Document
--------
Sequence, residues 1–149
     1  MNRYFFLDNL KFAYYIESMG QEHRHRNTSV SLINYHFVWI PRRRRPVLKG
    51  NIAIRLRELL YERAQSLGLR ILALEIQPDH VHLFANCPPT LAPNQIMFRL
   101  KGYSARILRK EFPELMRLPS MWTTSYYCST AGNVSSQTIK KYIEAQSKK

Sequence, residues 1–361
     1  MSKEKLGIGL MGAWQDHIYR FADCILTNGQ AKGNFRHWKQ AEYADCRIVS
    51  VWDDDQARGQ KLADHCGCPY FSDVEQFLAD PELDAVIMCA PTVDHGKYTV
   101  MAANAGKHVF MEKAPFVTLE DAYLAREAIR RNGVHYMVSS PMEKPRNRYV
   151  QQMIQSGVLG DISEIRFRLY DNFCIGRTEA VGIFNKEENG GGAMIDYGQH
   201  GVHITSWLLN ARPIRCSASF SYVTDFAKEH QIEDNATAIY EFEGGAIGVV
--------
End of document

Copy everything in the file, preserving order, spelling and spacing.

Sequence, residues 1–149
     1  MNRYFFLDNL KFAYYIESMG QEHRHRNTSV SLINYHFVWI PRRRRPVLKG
    51  NIAIRLRELL YERAQSLGLR ILALEIQPDH VHLFANCPPT LAPNQIMFRL
   101  KGYSARILRK EFPELMRLPS MWTTSYYCST AGNVSSQTIK KYIEAQSKK

Sequence, residues 1–361
     1  MSKEKLGIGL MGAWQDHIYR FADCILTNGQ AKGNFRHWKQ AEYADCRIVS
    51  VWDDDQARGQ KLADHCGCPY FSDVEQFLAD PELDAVIMCA PTVDHGKYTV
   101  MAANAGKHVF MEKAPFVTLE DAYLAREAIR RNGVHYMVSS PMEKPRNRYV
   151  QQMIQSGVLG DISEIRFRLY DNFCIGRTEA VGIFNKEENG GGAMIDYGQH
   201  GVHITSWLLN ARPIRCSASF SYVTDFAKEH QIEDNATAIY EFEGGAIGVV